Key dates – Conference 1 – London

15 September 2013. Deadline for abstracts / initial proposals

15 January 2014. Deadline for full papers / detailed proposals

01 April 2014. Conference –1

For full details visit:

Do we indulge in wishful thinking for super dense cities?


The thought popped out at me as I read an interview of Jonathan Solomon, who has authored (along with fellow architects Clara Wong and Adam Frampton) what appears to be a fascinating book called Cities Without Ground on alternate networks and spaces in Hong Kong. In the interview, Solomon talks about how the impracticality of trying to impose solutions in other contexts. He says, “Paul Zimmerman (HK district councillor and urban design activist) and I disagree vehemently about this — his position is that all the footbridges are more or less bad and that Hong Kong should act more like a Dutch city. We need to make safer, healthier streets for pedestrians. Pedestrianizing Queen’s Road makes a lot of sense. But there’s a lot of wishful thinking involved thinking that Hong Kong will suddenly turn into Linden or Delft.”

To me, that sort of summed up a lot of…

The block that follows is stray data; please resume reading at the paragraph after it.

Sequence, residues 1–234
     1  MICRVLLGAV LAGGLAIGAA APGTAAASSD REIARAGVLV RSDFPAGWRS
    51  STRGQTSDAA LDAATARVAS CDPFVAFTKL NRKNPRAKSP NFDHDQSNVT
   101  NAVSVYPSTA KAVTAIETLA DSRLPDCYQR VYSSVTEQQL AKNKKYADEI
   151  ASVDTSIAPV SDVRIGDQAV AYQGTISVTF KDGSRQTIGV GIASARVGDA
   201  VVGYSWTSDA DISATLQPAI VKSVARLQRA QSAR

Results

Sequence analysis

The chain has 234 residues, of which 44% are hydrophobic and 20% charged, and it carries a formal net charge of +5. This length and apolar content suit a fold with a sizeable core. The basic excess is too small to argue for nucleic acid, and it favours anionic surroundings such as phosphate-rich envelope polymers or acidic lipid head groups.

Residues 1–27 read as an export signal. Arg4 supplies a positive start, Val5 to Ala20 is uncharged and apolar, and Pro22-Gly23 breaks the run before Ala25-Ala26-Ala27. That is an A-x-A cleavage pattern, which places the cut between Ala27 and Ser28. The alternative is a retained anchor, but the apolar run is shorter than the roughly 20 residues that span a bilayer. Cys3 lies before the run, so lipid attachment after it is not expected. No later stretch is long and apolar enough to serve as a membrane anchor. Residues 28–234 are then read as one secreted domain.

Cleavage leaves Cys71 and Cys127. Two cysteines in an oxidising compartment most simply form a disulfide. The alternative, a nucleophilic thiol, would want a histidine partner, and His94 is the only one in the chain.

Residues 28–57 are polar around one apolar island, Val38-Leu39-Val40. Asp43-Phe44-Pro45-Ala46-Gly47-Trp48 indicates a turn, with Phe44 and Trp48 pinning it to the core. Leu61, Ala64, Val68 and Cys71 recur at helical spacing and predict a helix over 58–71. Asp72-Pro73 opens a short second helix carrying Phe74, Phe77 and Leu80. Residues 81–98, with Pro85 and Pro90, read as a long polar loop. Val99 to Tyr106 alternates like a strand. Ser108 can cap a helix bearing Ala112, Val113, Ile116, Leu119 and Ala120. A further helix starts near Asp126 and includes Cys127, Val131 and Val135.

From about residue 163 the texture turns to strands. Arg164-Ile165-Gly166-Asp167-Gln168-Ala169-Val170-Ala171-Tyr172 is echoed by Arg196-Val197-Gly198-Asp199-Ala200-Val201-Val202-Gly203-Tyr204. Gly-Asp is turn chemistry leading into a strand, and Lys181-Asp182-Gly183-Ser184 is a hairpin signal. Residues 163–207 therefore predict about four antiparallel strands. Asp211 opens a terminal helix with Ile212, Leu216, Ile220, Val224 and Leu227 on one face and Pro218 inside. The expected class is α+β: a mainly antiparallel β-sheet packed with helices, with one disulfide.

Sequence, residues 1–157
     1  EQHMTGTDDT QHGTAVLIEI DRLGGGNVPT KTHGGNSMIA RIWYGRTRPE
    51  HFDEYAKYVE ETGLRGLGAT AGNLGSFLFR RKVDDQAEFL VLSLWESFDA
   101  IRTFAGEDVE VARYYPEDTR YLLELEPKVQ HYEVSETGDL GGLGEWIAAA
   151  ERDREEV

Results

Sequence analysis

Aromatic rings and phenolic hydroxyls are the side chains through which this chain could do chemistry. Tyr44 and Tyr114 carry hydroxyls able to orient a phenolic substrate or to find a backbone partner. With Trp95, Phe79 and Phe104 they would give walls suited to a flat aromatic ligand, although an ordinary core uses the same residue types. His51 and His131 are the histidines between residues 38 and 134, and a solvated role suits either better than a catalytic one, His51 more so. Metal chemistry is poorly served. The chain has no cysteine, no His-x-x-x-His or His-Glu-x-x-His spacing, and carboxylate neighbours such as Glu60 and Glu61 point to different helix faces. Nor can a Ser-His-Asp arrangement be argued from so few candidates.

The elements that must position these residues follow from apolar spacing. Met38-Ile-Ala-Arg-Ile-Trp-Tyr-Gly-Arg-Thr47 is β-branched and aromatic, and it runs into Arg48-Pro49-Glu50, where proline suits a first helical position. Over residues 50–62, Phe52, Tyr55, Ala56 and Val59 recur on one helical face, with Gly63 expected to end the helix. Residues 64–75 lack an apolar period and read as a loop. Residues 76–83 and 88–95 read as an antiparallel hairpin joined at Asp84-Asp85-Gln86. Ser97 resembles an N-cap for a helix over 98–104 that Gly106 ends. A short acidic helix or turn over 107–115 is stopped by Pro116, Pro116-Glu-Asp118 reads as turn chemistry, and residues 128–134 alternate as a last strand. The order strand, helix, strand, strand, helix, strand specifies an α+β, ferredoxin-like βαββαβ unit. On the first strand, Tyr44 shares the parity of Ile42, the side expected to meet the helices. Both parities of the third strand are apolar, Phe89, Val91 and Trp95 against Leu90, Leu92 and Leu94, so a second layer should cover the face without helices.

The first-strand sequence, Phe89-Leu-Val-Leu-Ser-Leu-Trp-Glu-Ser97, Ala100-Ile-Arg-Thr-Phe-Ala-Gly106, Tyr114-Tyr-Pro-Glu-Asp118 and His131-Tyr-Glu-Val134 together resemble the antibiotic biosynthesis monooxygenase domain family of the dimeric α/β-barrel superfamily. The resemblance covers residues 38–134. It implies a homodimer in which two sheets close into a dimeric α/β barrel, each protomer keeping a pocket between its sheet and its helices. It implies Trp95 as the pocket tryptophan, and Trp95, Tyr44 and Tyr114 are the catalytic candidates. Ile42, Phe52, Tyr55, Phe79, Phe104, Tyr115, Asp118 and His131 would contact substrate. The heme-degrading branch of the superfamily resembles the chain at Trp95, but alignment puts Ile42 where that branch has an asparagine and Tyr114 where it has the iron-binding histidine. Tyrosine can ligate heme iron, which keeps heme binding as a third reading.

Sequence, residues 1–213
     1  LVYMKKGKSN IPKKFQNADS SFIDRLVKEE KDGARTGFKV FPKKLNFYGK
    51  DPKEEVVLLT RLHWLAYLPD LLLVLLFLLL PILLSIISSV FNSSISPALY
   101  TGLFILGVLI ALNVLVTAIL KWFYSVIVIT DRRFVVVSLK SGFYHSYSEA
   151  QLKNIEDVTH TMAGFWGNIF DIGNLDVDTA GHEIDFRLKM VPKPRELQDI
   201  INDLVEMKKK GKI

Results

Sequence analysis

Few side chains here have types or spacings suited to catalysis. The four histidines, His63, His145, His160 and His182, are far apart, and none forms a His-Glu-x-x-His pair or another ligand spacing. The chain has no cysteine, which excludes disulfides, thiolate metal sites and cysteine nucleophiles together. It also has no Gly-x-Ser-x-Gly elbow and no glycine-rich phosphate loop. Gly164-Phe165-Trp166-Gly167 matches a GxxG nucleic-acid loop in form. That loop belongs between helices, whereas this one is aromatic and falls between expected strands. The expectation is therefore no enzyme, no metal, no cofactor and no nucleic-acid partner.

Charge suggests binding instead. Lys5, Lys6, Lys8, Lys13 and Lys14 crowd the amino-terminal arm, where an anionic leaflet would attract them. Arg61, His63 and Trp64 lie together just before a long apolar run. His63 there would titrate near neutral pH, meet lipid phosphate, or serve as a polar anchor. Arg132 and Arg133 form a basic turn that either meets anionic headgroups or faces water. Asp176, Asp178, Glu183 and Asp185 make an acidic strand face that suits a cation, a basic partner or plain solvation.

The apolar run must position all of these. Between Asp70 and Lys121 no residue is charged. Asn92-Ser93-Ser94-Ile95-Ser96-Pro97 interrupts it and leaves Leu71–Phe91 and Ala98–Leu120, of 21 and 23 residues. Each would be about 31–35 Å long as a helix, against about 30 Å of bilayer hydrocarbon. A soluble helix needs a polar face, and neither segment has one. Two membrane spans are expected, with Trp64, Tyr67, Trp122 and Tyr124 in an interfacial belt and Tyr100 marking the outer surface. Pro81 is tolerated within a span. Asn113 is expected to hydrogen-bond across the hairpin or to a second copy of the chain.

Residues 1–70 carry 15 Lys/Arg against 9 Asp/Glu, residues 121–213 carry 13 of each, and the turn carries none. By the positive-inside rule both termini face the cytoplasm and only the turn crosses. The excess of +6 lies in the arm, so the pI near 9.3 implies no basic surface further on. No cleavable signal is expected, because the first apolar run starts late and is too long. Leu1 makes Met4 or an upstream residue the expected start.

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Zurich’s ‘Sex Boxes’

Short position piece for the UK’s Building Design magazine. The project deserves some serious attention from a UCS reader or two – rich, political, ambiguous, aesthetically complex. What better topic for cultural studies?


Article first published in Building Design, August 2013. For more on BD, and how to subscribe, go to 


There was much chortling this week at the opening of Zurich’s scheme for rehabilitating street prostitution via so-called “sex boxes”. Reported by the global media, the scheme is a practical approach to a real problem: street prostitution in the Sihlquai neighbourhood, which had reached uncontrollable proportions, with attendant problems of waste. Residents were used to finding prostitutes and clients using their gardens as public toilets.

The trial solution is neat. On a bit of railway land, 2km west of the city centre, social services have built a terrace of wooden drive-in huts. The design is superbly restrained Swiss-minimalist-modernist. Think Peter Zumthor with condoms.

It’s all very decently landscaped, and at night is lit up with an appealing red/green colour scheme. The cabins are open at one end, so there…

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The Birth of Territory is published

Progressive Geographies

BofTI’ve just received my advance copy of The Birth of Territory, and additional copies have been sent by the warehouse. The Chicago page for the book has the book listed as published, and orders from them direct will be sent now (there are also electronic copies available). I guess online bookstores will take a few more days to receive copies.

[Update 9th September: the Kindle edition is now available. Amazon have the physical copy down for release on 13th September]